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It's a dog-eat-giraffe world

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Entertainment,Ryan Vogt

Humans once feared the long, sharp teeth of canines. Now we brush them. We were once afraid of their claws tearing into our skin. Now we call them nails, and trim them. "Tokyo Jungle" sees a future when all the pampering is undone and our pets' hardware is more than a vestige.

The game is set in an post-apocalyptic city, except instead of Will Smith watching lions hunt deer, the lions and deer are the stars of the show. The game lets you play as dozens of animals, from beagles to chimpanzees, surviving in Tokyo after the extinction of humans. It's pretty much "Life After People: The Game," and has as much sex and violence as entertainment involving humans.

In surprisingly graphic fashion, it teaches us about a "Circle of Life" that you aren't gonna find in a Disney movie. So that's what happens when dogs catch cats. And, because the screen fades to black a full second too late: So that's what happens when males catch females.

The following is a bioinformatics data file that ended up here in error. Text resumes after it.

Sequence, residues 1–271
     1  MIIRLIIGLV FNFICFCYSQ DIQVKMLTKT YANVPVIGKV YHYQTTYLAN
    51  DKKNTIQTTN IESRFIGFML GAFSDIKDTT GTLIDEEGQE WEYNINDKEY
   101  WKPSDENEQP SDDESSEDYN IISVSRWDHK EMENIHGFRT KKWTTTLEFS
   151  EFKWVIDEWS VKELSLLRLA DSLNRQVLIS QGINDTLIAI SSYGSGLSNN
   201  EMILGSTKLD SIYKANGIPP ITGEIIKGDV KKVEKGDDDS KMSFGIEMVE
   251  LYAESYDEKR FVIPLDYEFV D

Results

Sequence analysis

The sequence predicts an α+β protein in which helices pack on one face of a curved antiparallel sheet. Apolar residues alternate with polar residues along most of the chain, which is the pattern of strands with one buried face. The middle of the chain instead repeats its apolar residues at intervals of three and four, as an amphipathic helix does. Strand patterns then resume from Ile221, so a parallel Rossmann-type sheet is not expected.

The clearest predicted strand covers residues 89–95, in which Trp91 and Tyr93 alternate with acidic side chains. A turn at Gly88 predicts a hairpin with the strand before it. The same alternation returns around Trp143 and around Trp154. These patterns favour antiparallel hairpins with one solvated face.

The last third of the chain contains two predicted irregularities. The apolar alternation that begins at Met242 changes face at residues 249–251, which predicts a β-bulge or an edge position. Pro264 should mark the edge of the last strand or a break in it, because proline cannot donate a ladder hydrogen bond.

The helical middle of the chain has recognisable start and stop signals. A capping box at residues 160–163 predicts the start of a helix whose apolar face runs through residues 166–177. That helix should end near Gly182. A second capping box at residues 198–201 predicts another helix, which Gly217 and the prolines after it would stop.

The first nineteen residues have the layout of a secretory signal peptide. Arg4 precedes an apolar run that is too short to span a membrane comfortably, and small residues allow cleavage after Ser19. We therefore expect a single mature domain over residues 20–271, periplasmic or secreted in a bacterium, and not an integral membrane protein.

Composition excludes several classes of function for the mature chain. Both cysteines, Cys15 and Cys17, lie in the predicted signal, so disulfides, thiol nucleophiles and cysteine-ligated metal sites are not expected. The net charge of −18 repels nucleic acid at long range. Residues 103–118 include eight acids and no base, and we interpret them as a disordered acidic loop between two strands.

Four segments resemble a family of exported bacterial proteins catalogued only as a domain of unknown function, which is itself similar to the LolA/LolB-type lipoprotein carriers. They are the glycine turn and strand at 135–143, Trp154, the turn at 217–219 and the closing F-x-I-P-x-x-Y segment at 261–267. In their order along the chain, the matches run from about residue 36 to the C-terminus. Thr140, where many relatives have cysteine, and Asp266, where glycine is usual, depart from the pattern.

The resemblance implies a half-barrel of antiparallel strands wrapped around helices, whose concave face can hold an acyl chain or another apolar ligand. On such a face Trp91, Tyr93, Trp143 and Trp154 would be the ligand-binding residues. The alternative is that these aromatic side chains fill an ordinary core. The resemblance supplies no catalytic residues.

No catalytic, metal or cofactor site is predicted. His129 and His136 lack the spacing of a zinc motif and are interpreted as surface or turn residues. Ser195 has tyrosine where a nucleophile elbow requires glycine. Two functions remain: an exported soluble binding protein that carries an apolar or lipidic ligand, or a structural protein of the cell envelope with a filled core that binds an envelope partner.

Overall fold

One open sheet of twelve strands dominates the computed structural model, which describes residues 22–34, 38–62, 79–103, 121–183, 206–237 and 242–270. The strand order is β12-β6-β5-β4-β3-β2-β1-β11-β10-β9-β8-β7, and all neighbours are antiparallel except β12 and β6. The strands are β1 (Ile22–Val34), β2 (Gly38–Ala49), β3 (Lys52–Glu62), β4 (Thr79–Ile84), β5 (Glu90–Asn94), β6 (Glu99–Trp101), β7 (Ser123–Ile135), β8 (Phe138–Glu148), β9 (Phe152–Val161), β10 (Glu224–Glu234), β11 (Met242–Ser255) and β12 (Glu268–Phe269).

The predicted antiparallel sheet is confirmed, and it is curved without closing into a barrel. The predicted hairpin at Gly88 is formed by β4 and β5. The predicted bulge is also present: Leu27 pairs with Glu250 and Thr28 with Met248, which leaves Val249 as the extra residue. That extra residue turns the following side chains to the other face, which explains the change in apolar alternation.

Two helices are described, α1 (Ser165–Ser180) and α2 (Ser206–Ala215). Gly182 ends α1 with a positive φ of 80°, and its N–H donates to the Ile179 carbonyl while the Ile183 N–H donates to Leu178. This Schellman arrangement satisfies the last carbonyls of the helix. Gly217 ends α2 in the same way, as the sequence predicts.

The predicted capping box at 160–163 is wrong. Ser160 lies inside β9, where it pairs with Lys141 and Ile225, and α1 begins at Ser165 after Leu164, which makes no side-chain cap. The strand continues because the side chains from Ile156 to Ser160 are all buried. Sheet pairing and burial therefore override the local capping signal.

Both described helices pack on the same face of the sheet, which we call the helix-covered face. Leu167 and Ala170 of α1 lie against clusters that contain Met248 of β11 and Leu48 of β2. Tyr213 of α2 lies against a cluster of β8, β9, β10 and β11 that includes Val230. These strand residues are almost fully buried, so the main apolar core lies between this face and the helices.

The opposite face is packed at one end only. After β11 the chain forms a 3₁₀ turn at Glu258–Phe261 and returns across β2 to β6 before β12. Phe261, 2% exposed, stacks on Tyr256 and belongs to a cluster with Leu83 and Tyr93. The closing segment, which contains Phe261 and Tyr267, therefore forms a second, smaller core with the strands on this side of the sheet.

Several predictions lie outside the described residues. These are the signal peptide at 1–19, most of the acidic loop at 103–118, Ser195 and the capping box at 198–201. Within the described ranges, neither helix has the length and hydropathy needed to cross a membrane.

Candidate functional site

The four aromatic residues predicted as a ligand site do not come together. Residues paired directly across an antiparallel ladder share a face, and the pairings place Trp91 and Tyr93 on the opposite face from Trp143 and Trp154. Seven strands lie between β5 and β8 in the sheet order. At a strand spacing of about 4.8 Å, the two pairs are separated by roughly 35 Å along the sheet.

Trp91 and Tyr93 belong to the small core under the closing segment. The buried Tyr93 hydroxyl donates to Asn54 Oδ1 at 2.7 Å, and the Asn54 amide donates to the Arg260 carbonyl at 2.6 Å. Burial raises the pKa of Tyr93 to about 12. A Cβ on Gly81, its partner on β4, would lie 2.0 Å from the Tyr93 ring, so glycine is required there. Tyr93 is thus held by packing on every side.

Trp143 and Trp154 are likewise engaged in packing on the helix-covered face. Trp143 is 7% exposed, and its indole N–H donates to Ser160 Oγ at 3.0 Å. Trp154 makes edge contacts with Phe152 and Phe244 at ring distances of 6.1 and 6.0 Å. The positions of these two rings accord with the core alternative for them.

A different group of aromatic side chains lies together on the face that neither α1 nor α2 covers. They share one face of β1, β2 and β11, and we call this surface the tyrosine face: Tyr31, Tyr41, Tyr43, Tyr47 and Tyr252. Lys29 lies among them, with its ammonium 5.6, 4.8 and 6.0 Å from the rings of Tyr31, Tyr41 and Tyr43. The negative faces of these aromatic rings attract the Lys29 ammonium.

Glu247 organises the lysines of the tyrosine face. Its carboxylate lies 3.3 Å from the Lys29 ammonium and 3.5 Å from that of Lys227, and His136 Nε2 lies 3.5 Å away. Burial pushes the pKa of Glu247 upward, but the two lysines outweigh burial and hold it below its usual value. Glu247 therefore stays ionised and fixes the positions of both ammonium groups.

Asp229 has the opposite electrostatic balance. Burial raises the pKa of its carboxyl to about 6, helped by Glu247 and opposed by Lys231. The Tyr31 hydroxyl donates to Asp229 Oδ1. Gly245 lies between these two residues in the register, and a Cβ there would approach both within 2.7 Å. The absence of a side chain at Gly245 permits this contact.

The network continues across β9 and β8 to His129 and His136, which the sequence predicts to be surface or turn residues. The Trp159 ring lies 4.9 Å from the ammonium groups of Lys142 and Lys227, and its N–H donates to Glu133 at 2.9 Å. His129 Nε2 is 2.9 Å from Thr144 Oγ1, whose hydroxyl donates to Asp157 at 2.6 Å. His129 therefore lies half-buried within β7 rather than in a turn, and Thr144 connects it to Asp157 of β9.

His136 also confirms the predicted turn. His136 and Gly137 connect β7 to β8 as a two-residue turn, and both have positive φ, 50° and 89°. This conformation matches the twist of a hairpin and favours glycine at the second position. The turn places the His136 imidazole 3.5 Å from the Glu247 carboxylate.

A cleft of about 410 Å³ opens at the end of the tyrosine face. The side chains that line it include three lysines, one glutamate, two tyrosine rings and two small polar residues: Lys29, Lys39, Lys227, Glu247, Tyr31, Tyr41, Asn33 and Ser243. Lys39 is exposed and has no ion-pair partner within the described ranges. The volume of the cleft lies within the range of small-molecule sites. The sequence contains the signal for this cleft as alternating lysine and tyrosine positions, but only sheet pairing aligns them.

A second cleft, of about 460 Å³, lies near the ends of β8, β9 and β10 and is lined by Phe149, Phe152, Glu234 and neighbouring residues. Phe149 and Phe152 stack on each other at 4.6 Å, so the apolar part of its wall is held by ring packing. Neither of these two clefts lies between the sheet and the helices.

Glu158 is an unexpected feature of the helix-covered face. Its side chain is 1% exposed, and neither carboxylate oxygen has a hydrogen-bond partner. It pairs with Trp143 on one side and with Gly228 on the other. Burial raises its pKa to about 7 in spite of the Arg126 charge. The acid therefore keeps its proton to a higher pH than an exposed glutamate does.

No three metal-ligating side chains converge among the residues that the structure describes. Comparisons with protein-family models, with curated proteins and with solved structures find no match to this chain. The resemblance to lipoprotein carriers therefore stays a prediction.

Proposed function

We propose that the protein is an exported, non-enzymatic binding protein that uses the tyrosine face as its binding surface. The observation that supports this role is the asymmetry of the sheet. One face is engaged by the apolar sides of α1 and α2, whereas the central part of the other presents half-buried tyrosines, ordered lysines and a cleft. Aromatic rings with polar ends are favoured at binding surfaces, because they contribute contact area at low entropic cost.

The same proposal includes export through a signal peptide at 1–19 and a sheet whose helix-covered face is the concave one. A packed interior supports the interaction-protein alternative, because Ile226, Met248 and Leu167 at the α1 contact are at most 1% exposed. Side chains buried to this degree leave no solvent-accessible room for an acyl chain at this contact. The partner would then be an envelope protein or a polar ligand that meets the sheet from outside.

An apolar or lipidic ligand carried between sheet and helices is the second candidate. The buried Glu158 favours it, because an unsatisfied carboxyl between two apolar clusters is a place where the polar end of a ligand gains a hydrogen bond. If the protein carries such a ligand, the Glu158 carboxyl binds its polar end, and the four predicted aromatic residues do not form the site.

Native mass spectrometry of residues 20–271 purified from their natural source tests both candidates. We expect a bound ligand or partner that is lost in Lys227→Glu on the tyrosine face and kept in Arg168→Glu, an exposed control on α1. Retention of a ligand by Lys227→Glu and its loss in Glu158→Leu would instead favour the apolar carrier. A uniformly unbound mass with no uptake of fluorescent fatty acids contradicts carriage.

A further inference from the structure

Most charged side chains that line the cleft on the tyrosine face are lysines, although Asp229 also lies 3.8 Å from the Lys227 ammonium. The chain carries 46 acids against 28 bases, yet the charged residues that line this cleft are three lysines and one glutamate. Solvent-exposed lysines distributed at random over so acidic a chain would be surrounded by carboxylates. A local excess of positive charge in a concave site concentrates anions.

The object of the game is to eat a bunch -- plants or animals, depending on what you're playing as -- mark your territory by peeing on flags, and mate. This involves a whole lot of sneaking through tall grass to pounce on prey or, if you meet a more dangerous species, fleeing across rooftops and through subway stations. Along the way, expect plenty of unlikely fights -- chicken vs. hippo is more common than you might think.

'Tokyo Jungle'
» System: PS3
» Price: $14.99
» Rating: 2 out of 5 stars

Pity that the experience is almost identical no matter what animal you play as. Who knew the lives of Pomeranians and crocodiles were so similar?

What's worse is the game's arbitrary objective system, which doesn't acknowledge that you've completed tasks if you complete them in the wrong order. Right when you're about to unlock the dinosaur as a playable character, the game faults you for marking your territory before killing six animals, instead of the other way around, and you have to restart. Of all the creatures in this urban jungle, the most fearsome is a bug.

rvogt@washingtonexaminer.com

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